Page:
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Keith John Paul Horcasitas

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A short story about my first experiences recently at a storage auction and how that applied to giving me a better understanding of the real meanings for Advent and Christmas.

"Will there be any room at my inn for the Lord or will I turn Him away by what I have stored?"

Recently, it was fun to get together with family during the Thanksgiving Holidays to catch up on things and find out what folks had been up to lately. Besides celebrating the victories of LSU and the Saints, as well as not cooking, since we went in with our siblings and ordered turkey and all the fixings from Matherne's Supermarket, I was very intrigued by what my retired brother-in-law, Dale, shared with us about in his adventures with storage auctions.

Since I don't watch much television, I wasn't familiar with that phenomenon. When Dale mentioned about “Auction Hunters” on “Spike,” I had no earthly idea of what he was talking about. I certainly have had my share of fun at garage sales and flea markets. And I know that a whole slew of stuff gets exchanged on eBay and things like Craigslist. James, another brother-in-law, has obtained and sold-off some great buys for himself, including vintage Bose systems that he got for next to nothing!

I remember back in the 1980s when we were living in New Orleans and we got most of our neighbors who resided with us on Broadway to join us in what we billed in the Times-Picayune back then as a “Block-Long Garage Sale.” The T-P advertisement rep kind-of stretched things for me and came up with that term, as she was pressured to get more individual ads for things like that in the Classified Section. I had originally requested something like “neighborhood garage sale.”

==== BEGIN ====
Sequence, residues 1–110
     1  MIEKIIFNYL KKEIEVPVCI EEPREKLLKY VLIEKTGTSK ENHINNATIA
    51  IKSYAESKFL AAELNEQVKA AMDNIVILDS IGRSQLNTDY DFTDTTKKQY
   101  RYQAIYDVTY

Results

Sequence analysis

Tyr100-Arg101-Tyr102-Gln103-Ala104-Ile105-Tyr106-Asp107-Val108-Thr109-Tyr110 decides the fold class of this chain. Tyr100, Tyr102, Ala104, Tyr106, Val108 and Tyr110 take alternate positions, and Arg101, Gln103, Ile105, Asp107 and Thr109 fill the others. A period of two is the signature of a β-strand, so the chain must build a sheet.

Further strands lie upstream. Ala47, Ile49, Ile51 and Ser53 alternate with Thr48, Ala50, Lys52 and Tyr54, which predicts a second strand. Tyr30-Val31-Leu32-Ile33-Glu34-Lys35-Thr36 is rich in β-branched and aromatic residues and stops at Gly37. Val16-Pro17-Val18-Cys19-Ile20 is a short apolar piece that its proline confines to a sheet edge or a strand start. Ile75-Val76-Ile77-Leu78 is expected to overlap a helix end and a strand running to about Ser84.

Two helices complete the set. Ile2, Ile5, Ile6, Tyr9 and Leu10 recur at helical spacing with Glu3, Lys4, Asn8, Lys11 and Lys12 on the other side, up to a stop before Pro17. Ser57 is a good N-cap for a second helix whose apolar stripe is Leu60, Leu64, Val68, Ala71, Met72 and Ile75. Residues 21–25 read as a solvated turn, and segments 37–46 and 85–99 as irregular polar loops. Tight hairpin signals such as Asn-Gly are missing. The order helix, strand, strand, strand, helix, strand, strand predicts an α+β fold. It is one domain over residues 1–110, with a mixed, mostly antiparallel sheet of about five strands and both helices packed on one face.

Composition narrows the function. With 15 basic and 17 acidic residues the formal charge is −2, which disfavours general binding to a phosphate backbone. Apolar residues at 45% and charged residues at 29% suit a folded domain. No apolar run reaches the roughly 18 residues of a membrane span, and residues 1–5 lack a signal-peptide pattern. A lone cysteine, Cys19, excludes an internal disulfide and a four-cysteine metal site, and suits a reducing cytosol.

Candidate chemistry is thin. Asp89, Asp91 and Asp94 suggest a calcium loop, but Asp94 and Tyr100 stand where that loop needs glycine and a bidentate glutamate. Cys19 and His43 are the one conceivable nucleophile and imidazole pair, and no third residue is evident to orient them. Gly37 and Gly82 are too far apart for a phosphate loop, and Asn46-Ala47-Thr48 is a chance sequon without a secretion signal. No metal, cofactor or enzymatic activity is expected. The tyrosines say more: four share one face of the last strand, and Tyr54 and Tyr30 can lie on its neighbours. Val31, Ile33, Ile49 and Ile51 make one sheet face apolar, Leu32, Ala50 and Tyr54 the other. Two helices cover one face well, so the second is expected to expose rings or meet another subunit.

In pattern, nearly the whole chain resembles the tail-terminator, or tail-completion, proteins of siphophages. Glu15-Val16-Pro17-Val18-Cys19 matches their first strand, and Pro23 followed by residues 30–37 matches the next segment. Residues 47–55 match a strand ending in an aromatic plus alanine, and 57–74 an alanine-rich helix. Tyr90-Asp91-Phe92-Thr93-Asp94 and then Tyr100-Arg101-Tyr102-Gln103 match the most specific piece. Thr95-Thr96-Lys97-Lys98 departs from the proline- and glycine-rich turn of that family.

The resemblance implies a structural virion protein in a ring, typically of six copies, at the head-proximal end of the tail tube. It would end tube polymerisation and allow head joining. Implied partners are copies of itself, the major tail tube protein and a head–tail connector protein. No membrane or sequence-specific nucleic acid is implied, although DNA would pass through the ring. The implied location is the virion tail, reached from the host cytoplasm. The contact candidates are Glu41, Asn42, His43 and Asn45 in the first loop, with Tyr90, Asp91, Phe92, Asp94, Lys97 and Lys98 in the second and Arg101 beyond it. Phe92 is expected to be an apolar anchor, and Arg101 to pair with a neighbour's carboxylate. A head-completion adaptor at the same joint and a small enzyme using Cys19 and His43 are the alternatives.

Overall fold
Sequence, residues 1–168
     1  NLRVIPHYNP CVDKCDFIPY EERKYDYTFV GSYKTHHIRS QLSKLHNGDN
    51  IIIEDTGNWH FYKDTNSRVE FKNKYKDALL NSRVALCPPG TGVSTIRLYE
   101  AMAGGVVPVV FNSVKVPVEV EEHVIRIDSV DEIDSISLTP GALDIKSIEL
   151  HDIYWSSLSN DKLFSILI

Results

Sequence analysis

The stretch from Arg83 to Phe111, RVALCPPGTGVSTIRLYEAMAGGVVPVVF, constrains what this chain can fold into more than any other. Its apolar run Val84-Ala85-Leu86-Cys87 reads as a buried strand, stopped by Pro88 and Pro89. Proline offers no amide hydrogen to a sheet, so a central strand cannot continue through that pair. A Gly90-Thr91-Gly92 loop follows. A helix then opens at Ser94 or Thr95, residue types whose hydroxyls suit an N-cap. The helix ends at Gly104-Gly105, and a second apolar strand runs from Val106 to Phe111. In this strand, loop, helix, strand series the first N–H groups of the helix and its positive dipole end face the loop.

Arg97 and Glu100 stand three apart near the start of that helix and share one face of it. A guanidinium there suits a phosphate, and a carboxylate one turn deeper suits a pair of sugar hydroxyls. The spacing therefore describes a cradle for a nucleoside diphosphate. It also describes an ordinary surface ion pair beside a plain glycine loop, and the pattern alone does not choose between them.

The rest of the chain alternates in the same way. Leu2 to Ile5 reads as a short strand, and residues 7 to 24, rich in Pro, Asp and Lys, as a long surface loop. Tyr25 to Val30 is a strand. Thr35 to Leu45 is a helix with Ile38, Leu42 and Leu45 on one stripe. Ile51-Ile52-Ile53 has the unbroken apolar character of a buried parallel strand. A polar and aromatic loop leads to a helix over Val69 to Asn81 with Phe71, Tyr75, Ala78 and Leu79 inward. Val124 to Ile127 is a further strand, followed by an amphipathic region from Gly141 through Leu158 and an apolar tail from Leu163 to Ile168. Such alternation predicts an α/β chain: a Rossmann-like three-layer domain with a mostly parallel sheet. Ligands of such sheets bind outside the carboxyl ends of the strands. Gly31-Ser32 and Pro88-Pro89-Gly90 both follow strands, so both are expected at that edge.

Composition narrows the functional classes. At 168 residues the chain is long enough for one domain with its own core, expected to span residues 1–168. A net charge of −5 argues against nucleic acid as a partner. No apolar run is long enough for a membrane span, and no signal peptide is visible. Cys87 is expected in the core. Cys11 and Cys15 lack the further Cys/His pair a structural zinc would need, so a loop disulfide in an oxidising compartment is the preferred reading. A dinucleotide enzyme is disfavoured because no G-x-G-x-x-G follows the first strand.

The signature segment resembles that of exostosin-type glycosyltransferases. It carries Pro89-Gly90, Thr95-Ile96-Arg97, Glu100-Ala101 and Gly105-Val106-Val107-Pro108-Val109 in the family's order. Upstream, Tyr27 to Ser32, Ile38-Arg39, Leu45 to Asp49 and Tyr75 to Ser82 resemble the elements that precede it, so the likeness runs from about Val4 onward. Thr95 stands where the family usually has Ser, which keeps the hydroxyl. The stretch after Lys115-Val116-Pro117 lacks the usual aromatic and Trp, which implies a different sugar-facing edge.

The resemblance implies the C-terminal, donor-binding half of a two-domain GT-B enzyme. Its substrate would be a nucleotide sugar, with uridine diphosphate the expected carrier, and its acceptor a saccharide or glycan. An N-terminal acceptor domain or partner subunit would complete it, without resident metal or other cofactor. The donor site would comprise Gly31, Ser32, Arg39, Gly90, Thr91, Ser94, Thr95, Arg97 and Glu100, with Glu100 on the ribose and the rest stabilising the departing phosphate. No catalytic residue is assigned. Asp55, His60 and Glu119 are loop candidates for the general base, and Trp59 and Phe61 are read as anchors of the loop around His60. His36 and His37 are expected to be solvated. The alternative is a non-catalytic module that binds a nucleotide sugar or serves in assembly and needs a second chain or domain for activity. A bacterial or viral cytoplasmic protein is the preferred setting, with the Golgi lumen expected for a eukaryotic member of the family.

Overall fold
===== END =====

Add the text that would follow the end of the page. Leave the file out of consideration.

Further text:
So as Dale was telling me more about storage auctions, it finally dawned upon me about how many more people than I had previously realized do use those types of businesses when their belongings outgrow available square footage in their residences, whether they are renters or homeowners. Besides noting PODS popping up all the time in neighborhoods when I'm driving around, I think that I see almost as many storage buildings now available as there are “nails” and “payday check” businesses in town!

I couldn't believe some of the things that Dale was able to get on his fun storage auction excursions to varying storage units in the city. And more often than not, he has been able to make a profit by reselling some of the bounty from his bids on other venues, like James was noted to have done above. Sometimes, participants can bid as low as they want to after making a quick view from a distance of the contents to a storage unit being auctioned – without the benefit of actually reviewing the items more closely and thoroughly.

There indeed is a risk that one takes when involved in these solely cash transactions, but the rewards can be a-plenty! Also, you usually have 48 hours to remove the purchased contents from a unit or you surrender it. It helps to have a pick-up truck, like Dale and James do, for hauling away your prizes. Some folks have even found money, jewelry, and other hidden treasures in bags of clothing! Dale cited to me how once someone he knew had to contact the authorities involved when drugs happened to be found with the contents of a unit that had been purchased!